Spirituality in Youth Programming

Youth Catalytics has produced a series of three major reports on spirituality in youth programming. Reports explore the current state of spiritual programming with youth and what young people themselves have to say about its place in their lives. This series marks a path forward for child welfare providers responding to guidance issued by the Administration on Children, Youth and Families on the importance of addressing youth’s social and emotional well-being in everybody work with young people in care.

Practice Unbound: A Study of Secular Spiritual and Religious Activities in Work with Adolescents

(2002). Melanie Wilson. 74 pp.

What We Did

In this first comprehensive report on secular spiritual and religious practices in work with vulnerable adolescents, Youth Catalytics (then NEN) conducted semi-structured interviews with staff from a random sample of nearly 200 youth-serving agencies, reaching from the U.S. eastern seaboard to Alaska, Hawaii and Guam. Our goal was to understand how extensive spiritual programming was, who was doing what, and how significant a difference staff felt the practices made for youth in their care. The result is a compendium of program summaries broken down by category that include guided visualization, yoga, martial arts, 12-step groups, rites of passage rituals, and religious education and rituals.

Why We Did It

We conducted this inaugural study to answer a question that had repeatedly been put to us by the youth-serving agencies with whom we consulted. Simply put, they wanted to know whether, given the state of knowledge about the benefits of a range of spiritual practices, they should consider incorporating such practices into their own programming. If so, which practices, and with what subpopulations of young people? Little information existed on the topic, however; this report attempted to create a baseline measure of how these practices were being used, and thus a way of measuring their future evolution.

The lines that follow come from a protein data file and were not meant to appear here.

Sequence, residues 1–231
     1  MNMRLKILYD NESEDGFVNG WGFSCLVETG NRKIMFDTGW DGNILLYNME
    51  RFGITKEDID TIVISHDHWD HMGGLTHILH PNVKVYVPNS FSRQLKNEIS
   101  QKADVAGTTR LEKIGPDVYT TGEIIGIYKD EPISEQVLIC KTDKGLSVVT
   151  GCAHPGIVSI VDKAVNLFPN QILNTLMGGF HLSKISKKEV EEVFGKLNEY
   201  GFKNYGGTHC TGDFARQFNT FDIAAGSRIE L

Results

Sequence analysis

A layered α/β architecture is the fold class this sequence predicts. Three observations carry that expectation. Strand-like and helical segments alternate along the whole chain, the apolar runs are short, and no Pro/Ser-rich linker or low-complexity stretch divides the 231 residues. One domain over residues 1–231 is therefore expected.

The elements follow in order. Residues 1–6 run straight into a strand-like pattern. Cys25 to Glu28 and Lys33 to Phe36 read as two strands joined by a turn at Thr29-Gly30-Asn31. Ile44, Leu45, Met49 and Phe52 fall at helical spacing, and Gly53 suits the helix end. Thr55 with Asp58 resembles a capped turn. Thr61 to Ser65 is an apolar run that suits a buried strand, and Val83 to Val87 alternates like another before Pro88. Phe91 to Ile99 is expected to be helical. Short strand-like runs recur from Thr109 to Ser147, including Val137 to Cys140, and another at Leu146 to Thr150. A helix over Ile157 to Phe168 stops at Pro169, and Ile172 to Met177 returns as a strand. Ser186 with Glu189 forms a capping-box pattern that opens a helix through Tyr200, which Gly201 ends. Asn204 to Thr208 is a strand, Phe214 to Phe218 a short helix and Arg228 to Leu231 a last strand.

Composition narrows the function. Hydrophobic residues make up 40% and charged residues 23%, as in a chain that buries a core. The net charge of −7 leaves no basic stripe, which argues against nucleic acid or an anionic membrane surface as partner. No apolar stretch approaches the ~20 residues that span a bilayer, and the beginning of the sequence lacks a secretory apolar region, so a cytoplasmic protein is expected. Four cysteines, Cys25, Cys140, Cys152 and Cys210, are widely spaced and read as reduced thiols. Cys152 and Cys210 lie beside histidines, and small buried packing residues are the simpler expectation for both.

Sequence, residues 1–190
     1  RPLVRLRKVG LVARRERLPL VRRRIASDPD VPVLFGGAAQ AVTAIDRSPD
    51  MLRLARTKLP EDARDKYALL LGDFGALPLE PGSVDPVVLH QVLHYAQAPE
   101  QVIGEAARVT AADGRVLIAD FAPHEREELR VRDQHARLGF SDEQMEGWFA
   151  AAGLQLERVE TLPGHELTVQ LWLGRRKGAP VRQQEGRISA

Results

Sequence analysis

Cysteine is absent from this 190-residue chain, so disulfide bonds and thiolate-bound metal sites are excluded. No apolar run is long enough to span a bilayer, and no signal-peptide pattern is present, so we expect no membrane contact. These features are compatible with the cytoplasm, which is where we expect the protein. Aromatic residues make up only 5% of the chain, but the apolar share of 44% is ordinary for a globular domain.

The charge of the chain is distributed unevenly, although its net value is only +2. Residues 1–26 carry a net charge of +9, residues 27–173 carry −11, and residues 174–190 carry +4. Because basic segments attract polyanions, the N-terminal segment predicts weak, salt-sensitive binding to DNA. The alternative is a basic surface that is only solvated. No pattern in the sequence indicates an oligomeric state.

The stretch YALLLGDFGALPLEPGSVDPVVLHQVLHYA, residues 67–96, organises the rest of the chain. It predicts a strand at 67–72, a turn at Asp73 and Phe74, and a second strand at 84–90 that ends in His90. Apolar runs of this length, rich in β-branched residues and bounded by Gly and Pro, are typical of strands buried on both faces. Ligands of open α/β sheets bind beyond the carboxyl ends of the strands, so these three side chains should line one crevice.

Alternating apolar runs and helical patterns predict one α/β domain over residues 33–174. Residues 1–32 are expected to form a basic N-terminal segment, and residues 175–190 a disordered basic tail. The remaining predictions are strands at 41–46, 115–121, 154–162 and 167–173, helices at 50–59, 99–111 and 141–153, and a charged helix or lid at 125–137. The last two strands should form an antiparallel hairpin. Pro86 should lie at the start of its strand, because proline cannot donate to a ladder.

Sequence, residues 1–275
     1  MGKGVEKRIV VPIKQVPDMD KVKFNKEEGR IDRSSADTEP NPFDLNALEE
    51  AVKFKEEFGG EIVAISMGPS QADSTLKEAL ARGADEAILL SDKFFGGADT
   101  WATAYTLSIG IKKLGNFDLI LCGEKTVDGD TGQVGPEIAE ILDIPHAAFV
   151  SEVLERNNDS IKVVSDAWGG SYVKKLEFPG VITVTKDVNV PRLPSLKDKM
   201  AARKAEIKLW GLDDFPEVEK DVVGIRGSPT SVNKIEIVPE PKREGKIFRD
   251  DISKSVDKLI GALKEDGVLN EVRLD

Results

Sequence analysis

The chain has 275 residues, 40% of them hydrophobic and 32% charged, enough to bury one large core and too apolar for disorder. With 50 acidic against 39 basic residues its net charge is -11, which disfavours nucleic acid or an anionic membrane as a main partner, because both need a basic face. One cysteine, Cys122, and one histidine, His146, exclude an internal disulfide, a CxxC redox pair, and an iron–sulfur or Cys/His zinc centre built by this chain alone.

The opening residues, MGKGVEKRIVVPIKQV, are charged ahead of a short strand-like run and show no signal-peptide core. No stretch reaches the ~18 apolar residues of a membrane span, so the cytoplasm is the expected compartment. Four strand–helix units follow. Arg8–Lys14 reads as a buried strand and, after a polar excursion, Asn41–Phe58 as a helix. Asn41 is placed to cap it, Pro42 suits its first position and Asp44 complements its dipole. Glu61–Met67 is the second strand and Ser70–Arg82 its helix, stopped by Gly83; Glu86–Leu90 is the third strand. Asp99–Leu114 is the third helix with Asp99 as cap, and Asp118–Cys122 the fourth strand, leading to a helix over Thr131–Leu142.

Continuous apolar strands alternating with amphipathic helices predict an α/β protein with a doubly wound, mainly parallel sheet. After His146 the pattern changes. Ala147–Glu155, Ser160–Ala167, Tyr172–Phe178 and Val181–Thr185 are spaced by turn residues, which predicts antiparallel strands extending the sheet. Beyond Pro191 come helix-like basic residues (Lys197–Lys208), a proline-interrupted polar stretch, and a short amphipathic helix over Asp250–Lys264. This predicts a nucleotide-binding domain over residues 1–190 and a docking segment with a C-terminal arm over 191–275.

What We Found

Sixty percent of the agencies we interviewed reported using at least one secular activity — guided visualization and 12-step groups are the most common — and 35% offer at least one religious activity. Both secular and faith-based organizations that already offer spiritual activities strongly support them and intend to do more, but say they need more training. Of those agencies resistant to incorporating spiritual activities, many cite the dearth of conclusive evidence showing that it is beneficial. Others claim they lack time, money and manpower. And still others have the impression that instituting such programs, especially those with religious content, could jeopardize board and community support as well as public funding. In fact, though, the risk of losing government funding appears to be minimal.

Who Should Care

This report summarizes dozens of spirituality-based programs and approaches used in nearly 200 agencies, and makes an extremely valuable reference for agencies, schools and other youth-serving organizations searching for ideas about programming and real-world examples of what various kinds of programs actually look like on the ground.

A Part of You So Deep: What Vulnerable Adolescents Have to Say About Spirituality

(2004). Melanie Wilson. 48 pp.

What We Did

Using extensive focus group interviews, personal interviews and surveys, we set out to discover how young people experience spirituality and their attitudes toward a variety of spiritual activities, both secular and religious.

Why We Did It